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Discussion Starter · #4 ·
banking in Mexico

Thanks for the quick reply. I will certainly be keeping my account at home and using the ATM's too. But was just curious as to how satisfied people are with their peso accounts.
Has anyone used any of the investment firms here eg. Merida Capital Investments or Llyods or maybe another you could recommend. Again my main investment account will be at home but I like some of the returns and understand the risks.
I completely understand if this is something one would not be comfortable discussing here, but would like to hear personal experiences before diving in.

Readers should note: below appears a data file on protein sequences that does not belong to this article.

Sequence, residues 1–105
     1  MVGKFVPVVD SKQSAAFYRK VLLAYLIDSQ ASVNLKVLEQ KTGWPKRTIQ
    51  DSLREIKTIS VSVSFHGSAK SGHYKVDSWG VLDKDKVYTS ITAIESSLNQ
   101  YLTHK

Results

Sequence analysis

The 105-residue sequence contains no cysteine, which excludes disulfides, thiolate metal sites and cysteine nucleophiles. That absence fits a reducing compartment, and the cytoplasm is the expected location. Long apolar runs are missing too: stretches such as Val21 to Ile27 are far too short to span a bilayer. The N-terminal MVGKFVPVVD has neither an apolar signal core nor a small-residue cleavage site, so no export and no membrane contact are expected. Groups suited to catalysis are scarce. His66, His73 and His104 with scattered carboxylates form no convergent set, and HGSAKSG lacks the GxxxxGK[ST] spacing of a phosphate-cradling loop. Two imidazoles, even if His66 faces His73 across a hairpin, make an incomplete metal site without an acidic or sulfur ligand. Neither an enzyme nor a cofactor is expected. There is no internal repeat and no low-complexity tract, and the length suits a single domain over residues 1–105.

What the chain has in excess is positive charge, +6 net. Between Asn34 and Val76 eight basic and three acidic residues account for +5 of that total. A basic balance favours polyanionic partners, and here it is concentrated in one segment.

symm
 

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Thanks for the quick reply. I will certainly be keeping my account at home and using the ATM's too. But was just curious as to how satisfied people are with their peso accounts.
Has anyone used any of the investment firms here eg. Merida Capital Investments or Llyods or maybe another you could recommend. Again my main investment account will be at home but I like some of the returns and understand the risks.
I completely understand if this is something one would not be comfortable discussing here, but would like to hear personal experiences before diving in.

symm